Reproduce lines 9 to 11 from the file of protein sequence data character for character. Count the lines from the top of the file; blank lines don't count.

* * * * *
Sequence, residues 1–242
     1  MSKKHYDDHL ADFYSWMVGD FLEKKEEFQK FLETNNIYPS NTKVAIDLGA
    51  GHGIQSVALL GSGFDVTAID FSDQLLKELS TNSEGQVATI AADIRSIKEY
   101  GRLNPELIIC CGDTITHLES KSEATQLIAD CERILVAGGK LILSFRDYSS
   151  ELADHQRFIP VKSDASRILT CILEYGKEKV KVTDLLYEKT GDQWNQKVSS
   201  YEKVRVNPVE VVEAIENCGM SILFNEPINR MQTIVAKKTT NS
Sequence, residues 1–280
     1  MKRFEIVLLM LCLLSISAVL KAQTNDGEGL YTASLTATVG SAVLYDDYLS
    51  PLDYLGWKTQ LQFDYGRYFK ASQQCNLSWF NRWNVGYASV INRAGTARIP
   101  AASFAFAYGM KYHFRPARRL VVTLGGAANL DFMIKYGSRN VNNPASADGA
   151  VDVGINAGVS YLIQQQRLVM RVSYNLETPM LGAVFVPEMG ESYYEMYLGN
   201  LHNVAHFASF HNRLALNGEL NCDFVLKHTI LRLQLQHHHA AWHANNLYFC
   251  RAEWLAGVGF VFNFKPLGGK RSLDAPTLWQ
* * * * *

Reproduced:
    51  PLDYLGWKTQ LQFDYGRYFK ASQQCNLSWF NRWNVGYASV INRAGTARIP
   101  AASFAFAYGM KYHFRPARRL VVTLGGAANL DFMIKYGSRN VNNPASADGA
   151  VDVGINAGVS YLIQQQRLVM RVSYNLETPM LGAVFVPEMG ESYYEMYLGN